Most of the guests left the boat early in the morning of July 9 to get a bus to Coopersville for the Baseball Hall of Fame. We dropped them off at one lock near Sylvan Beach and picked them up at Amsterdam. We were on the Erie Canal most of the day. The Blount notes say, “Opened in October, 1825, the Erie Canal was built at a time when transporting bulk goods was limited to pack animals getting goods from New York City and Atlantic Ocean to the Great Lakes.” Our lecture that night was on the two iron-clad warships of the Civil War, the Minator and the Merrimac.

Our turn to be dropped off at one lock and picked up at another came the next day, Wednesday, July 10. From Amsterdam we drove a long way to Saratoga National Historic Park. A step-on guide took us around the park, re-telling the history of two armies who fought there, first the British, then the US, in 1777. When we got back to the boat, after another long ride, it was docked in Troy, N.Y., on the Hudson River, and the crew was putting the pilot house back up on the upper deck. In the evening we were entertained by a trio of elderly jazz musicians–one of them said he had driven down from Maine, just to play this gig.

From my journal: Under some of the bridges and through some of the locks the clearances were tiny. Some of the locks took us around dams (like a fish ladder), and often we had trains running along next to us. When we left Lake Ontario we went up over the rise of the Adirondack Mountains, but after a high point of only 400 feet above sea level we started going down. The historian commented that he knew us West Coasters don’t think much of New York’s mountains, but he pointed out that their mountains were much older than ours, and when they had first risen up above the earth’s crust they had been much bigger than they are now.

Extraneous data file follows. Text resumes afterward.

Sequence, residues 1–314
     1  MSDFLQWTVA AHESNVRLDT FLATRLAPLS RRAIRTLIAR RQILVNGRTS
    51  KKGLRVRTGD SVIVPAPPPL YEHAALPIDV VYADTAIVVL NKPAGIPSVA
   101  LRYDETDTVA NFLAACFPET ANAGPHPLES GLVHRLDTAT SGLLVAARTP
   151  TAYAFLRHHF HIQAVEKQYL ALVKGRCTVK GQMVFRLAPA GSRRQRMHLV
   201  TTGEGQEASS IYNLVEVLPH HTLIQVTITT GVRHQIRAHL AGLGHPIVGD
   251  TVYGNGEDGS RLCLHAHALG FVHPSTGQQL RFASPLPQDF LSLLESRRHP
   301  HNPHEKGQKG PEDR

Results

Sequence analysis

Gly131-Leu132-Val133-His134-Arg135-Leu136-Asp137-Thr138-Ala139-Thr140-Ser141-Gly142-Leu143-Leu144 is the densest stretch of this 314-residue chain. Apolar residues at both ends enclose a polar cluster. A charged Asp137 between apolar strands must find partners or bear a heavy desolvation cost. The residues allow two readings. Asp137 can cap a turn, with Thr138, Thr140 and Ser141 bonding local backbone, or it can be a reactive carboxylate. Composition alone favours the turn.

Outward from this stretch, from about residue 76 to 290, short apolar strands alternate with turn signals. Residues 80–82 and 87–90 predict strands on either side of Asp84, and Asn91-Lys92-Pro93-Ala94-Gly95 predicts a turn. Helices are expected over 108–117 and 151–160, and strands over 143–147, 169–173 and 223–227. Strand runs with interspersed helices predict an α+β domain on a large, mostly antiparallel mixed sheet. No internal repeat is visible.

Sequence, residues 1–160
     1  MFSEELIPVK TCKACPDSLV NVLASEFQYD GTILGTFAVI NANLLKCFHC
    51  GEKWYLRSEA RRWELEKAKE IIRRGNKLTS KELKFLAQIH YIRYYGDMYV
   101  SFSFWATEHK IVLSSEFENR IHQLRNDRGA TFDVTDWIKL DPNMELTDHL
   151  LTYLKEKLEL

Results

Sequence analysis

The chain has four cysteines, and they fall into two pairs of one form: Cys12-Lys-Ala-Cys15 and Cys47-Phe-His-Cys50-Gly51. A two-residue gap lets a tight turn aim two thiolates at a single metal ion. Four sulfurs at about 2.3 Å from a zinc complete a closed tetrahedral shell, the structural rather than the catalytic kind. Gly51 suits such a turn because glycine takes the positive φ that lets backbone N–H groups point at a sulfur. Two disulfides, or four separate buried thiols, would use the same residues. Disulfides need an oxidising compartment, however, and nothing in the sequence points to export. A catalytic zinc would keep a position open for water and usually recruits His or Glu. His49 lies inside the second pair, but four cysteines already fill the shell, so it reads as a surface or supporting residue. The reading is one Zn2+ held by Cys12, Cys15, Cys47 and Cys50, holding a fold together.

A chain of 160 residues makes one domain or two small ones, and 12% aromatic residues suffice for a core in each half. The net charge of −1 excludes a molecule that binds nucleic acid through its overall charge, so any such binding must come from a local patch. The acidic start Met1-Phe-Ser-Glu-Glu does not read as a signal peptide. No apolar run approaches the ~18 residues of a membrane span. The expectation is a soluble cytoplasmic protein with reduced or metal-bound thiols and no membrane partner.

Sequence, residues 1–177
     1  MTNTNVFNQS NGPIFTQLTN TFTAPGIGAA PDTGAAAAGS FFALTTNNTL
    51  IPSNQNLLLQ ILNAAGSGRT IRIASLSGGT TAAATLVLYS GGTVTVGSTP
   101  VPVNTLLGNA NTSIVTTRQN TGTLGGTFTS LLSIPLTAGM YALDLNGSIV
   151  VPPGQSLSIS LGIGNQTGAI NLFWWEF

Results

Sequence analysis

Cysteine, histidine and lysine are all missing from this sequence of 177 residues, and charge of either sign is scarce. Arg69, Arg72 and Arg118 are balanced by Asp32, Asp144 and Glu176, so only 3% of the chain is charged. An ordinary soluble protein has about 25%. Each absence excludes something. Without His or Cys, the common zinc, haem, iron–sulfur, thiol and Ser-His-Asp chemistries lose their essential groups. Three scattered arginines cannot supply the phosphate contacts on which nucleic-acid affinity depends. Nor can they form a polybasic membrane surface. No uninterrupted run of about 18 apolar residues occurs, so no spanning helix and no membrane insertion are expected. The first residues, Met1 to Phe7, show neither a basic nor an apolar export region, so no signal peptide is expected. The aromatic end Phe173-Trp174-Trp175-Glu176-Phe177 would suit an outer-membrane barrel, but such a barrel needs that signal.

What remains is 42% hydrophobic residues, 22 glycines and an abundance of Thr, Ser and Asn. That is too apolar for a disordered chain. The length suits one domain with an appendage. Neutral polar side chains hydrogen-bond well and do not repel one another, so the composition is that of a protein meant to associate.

On Thursday, July 11, we were bused more than an hour to Hyde Park, N.Y., to visit Springwood, the home that had belonged first to the father of  Franklin D. Roosevelt, and then to Sara, his mother. After listening to the guide’s stories I came away thinking that she was a very controlling mother-in-law. This was also the site of the Roosevelt presidential library and visitors center. We spent most of our time in his home, which was very interesting, but I wish we had had more time in the museum. Back in Kingston, the Grande Caribe was docked right next to the Hudson River Maritime Museum, which had a big wooden tug boat parked on the lawn outside. This would have been a good visit for those who didn’t want to go to Hyde Park.